The respondent in this case sought to connect the fact that the complainant was also involved in other self-employed work-as a GP in his own general practice-and was paid a locum allowance to undermine the argument that he was an employee. However, the Adjudication Officer did not accept this argument and said it had ‘no merit’.

“I do not accept therefore that the payment of a locum allowance, whatever the recipient chooses to do with it, affects or alters the substance of the employment relationship between an employee and an employer which must be considered by reference to the tests set out above.”

He also found

In Hall (Inspector of Taxes v Lorimer [1994] IRLR 171 the court endorsed an explanation approved by the lower court (whose judgement was on appeal to it);

‘In order to decide whether a person carries on business on his own account it is necessary to consider many different aspects of that person’s work activity. This is not a mechanical exercise of running through items on a checklist to see whether they are present in, or absent from a given situation. The object of the exercise is to paint a picture from the accumulation of detail. The overall effect can only be appreciated by standing back from the detailed picture which has been painted, by viewing it from a distance and by making an informed, considered, qualitative appreciation of the whole. It is a matter of evaluation of the overall effect of the detail, which is not necessarily the same as the sum total of the individual details.’

The Adjudication Officer had no hesitation in finding that the complainant was an employee and was entitled to be given a written statement of his terms of employment, in accordance with the Terms of Employment (Information) Act 1994.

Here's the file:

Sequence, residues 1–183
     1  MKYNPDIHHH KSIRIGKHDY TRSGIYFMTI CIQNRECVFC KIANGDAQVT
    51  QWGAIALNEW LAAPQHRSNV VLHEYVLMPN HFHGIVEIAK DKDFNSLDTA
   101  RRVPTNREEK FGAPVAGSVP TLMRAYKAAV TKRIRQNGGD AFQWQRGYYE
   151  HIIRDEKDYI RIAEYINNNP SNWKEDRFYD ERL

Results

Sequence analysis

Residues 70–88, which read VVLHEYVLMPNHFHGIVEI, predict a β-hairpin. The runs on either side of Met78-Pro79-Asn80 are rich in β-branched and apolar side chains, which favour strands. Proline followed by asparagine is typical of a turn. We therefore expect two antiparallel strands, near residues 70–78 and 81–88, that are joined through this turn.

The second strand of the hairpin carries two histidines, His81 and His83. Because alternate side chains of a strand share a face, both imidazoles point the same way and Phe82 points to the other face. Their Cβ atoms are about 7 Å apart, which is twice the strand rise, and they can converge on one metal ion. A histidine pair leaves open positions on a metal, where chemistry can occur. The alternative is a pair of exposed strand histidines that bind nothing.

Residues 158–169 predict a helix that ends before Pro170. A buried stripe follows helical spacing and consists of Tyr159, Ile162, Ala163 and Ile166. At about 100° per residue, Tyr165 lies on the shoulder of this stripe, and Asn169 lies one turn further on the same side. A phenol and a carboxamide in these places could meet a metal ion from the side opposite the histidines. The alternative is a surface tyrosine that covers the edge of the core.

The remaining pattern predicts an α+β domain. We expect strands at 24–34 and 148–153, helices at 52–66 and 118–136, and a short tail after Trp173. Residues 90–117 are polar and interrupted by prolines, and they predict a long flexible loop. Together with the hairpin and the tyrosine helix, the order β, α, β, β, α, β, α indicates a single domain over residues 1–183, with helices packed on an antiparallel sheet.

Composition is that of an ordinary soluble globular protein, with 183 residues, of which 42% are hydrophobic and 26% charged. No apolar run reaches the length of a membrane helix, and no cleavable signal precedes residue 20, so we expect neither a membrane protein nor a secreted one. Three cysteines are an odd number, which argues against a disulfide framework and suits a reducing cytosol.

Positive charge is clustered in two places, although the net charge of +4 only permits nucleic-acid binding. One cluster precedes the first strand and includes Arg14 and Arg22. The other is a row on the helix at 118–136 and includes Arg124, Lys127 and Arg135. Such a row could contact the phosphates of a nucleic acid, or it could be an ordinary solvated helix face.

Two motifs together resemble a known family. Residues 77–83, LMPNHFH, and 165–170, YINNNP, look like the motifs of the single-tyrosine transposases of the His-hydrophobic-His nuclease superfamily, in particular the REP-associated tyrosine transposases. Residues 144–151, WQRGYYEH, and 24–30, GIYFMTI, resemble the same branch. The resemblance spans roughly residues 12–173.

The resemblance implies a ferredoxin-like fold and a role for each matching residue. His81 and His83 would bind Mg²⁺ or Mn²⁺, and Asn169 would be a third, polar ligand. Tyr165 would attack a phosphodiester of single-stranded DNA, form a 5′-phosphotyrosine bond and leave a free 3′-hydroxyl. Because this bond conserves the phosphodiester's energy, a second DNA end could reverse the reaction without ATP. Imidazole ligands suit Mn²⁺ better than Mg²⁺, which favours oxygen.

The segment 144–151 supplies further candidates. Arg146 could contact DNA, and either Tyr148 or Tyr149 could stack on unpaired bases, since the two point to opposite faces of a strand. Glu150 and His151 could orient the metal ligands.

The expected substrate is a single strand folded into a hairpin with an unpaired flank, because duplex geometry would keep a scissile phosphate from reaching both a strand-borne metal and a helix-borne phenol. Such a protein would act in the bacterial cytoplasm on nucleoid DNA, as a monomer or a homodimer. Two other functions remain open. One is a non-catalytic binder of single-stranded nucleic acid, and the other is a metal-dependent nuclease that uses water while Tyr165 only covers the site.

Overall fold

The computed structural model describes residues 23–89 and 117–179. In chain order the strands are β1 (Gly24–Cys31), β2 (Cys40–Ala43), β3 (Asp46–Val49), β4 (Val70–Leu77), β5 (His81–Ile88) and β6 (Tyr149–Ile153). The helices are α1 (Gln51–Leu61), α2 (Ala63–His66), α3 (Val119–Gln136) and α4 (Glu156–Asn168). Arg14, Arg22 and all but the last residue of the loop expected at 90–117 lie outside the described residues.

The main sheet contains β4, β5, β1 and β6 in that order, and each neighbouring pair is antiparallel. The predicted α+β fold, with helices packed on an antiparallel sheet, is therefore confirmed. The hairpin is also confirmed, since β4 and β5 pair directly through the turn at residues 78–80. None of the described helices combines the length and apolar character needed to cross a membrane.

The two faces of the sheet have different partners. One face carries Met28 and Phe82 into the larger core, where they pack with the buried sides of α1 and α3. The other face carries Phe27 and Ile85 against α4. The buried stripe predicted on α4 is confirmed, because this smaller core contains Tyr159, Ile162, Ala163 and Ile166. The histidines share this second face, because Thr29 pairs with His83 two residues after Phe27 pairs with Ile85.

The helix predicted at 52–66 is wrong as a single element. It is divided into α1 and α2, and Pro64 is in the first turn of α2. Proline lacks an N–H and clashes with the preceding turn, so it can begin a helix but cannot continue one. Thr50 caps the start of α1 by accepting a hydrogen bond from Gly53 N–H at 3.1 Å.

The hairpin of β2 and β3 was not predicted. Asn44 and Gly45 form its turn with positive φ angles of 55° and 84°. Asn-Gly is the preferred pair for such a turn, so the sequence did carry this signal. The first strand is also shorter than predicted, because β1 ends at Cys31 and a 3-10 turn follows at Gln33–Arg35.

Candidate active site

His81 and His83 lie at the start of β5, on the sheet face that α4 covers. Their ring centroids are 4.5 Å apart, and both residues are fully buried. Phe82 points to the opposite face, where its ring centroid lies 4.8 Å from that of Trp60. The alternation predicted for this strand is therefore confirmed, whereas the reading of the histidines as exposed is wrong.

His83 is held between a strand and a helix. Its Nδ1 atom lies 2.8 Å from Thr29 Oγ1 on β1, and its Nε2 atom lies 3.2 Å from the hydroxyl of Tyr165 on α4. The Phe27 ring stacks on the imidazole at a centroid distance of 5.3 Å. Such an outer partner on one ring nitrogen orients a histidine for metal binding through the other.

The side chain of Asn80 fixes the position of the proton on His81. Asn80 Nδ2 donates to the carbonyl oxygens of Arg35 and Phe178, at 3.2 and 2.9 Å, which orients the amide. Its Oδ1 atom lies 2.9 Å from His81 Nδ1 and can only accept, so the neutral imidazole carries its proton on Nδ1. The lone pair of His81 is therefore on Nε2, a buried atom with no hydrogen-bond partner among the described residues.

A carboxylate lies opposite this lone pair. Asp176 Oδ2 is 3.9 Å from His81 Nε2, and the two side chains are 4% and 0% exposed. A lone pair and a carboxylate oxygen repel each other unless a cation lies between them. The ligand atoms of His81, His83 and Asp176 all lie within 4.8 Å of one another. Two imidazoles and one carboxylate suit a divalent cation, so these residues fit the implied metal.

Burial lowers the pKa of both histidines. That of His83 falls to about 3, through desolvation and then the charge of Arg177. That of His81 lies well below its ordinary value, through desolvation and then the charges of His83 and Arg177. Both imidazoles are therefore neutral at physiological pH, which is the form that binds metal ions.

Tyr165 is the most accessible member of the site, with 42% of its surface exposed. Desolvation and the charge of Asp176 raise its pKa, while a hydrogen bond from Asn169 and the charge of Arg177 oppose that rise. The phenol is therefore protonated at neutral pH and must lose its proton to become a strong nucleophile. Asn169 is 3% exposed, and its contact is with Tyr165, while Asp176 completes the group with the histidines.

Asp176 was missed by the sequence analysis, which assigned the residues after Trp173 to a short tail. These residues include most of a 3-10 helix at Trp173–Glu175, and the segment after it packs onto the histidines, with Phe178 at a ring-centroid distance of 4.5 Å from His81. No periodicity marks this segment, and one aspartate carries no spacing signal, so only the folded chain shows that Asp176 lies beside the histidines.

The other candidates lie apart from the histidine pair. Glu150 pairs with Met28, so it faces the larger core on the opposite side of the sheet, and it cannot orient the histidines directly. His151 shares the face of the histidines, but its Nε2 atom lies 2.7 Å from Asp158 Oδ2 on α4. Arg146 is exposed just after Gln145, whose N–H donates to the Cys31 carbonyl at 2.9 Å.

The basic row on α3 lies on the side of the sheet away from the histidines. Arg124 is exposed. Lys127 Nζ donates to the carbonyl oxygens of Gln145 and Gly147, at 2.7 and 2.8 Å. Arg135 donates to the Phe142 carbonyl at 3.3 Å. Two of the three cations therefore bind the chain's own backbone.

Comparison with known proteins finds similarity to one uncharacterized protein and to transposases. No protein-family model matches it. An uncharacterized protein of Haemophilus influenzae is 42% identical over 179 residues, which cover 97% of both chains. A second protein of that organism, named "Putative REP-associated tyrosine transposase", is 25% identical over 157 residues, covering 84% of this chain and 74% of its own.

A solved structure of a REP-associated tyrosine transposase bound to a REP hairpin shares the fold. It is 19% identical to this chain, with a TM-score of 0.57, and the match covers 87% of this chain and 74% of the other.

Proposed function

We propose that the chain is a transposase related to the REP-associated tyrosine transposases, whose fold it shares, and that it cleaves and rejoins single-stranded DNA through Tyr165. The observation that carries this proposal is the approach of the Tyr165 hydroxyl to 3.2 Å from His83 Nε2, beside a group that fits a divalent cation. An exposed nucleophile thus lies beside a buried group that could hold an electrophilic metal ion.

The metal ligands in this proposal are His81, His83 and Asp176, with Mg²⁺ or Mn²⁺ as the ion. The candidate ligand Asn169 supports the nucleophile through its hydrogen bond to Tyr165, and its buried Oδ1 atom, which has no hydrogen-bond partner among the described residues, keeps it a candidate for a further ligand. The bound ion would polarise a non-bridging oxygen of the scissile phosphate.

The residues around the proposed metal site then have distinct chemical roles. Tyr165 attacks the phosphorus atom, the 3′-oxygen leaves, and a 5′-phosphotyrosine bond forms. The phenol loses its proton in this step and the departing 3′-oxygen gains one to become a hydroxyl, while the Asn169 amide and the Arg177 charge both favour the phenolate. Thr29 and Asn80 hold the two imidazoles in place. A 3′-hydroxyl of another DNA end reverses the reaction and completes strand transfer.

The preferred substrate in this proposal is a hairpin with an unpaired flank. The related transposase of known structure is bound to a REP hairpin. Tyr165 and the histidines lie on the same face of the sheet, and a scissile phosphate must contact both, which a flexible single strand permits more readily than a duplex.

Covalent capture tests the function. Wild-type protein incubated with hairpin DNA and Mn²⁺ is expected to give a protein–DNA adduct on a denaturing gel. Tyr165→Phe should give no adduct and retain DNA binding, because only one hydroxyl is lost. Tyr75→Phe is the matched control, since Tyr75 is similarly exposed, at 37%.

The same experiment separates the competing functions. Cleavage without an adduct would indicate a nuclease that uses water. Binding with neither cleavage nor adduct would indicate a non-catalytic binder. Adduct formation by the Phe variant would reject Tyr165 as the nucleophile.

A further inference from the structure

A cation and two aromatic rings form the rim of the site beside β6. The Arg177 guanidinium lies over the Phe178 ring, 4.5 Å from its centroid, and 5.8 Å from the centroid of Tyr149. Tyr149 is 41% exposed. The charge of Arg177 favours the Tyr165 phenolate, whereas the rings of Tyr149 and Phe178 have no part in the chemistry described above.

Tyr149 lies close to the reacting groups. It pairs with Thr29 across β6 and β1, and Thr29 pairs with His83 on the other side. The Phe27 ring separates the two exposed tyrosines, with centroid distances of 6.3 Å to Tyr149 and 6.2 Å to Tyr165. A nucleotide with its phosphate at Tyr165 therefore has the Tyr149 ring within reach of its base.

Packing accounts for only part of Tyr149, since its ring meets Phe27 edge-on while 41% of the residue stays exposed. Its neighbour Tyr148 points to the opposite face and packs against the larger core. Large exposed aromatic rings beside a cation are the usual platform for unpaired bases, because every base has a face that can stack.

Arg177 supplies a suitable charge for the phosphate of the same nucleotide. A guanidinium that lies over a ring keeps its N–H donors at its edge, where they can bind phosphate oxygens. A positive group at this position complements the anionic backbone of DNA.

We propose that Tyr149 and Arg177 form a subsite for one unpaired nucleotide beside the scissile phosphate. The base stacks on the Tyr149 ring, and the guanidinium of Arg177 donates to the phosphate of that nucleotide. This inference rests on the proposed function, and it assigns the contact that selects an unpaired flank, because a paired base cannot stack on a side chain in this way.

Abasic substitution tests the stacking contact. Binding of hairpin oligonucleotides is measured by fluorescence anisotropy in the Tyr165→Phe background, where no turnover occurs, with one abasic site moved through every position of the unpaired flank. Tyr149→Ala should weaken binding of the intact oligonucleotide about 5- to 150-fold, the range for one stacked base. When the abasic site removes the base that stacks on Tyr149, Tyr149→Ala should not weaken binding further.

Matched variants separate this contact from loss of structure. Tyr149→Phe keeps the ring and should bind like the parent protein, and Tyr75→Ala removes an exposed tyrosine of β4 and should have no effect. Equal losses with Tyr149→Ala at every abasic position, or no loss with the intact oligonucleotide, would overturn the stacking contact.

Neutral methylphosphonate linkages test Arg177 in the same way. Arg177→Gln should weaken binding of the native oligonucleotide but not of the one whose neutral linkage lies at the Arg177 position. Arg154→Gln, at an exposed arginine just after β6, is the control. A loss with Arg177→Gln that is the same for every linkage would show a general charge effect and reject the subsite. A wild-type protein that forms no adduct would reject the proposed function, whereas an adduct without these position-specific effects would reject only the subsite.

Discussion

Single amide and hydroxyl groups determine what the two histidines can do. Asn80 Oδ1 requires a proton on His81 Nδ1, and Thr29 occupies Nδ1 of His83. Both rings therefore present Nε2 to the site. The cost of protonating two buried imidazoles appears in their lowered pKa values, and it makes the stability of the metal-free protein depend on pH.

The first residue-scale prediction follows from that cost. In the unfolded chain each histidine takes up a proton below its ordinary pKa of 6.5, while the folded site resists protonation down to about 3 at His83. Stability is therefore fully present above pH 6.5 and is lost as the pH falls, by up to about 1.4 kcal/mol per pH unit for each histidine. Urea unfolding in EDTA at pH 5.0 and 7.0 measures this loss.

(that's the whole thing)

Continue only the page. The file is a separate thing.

However, the Adjudication Officer did not consider it ‘just and reasonable’ to make any order for compensation retrospectively as the ‘current respondent whose breach of the Act arises for the first time as a consequence of the finding in this case’. He did order that a statement of terms of employment be given to the complainant.

This decision was issued on 18th December 2019 and you can read the whole decision here. It is a useful reminder of the tests which will be applied to determine the issue of employee versus independent contractor.

Categories
Employment Claims

Independent Contractor or Employee-the Crucial Significance in an Unfair Dismissal Case

independent-contractor-employee

When a person brings a claim for unfair dismissal under the unfair dismissal legislation, there is one essential proof that they must establish at the outset: they must prove they were an employee.

In most cases this is clear and is not a problem.

But if the employer can show that the person was an independent contractor and not an employee, then is is “game over” and the case cannot go ahead as an unfair dismissal case.

You would imagine by now that the law surrounding whether someone was an employee or independent contractor, that is self employed, or not would be clear.

But this question continues to be litigated in the Employment Appeals Tribunal and the Courts.

This occurred again in a High Court case in May, 2014-Murphy -v- Grand Circle Travel [2014] IEHC 337 .